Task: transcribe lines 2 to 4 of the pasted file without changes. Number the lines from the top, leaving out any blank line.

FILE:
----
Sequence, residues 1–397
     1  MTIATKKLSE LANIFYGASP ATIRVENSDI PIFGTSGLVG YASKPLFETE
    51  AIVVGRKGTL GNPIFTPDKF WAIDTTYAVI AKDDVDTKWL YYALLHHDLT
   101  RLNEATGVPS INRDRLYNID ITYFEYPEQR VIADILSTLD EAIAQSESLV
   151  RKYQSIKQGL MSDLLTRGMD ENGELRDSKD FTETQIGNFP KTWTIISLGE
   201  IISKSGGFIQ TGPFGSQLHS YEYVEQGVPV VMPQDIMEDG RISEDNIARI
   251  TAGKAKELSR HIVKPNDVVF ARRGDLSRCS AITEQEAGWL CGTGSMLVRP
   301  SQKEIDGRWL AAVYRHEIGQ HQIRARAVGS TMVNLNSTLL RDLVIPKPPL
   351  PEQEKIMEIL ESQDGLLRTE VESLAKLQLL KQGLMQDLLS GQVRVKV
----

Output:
     1  MTIATKKLSE LANIFYGASP ATIRVENSDI PIFGTSGLVG YASKPLFETE
    51  AIVVGRKGTL GNPIFTPDKF WAIDTTYAVI AKDDVDTKWL YYALLHHDLT
   101  RLNEATGVPS INRDRLYNID ITYFEYPEQR VIADILSTLD EAIAQSESLV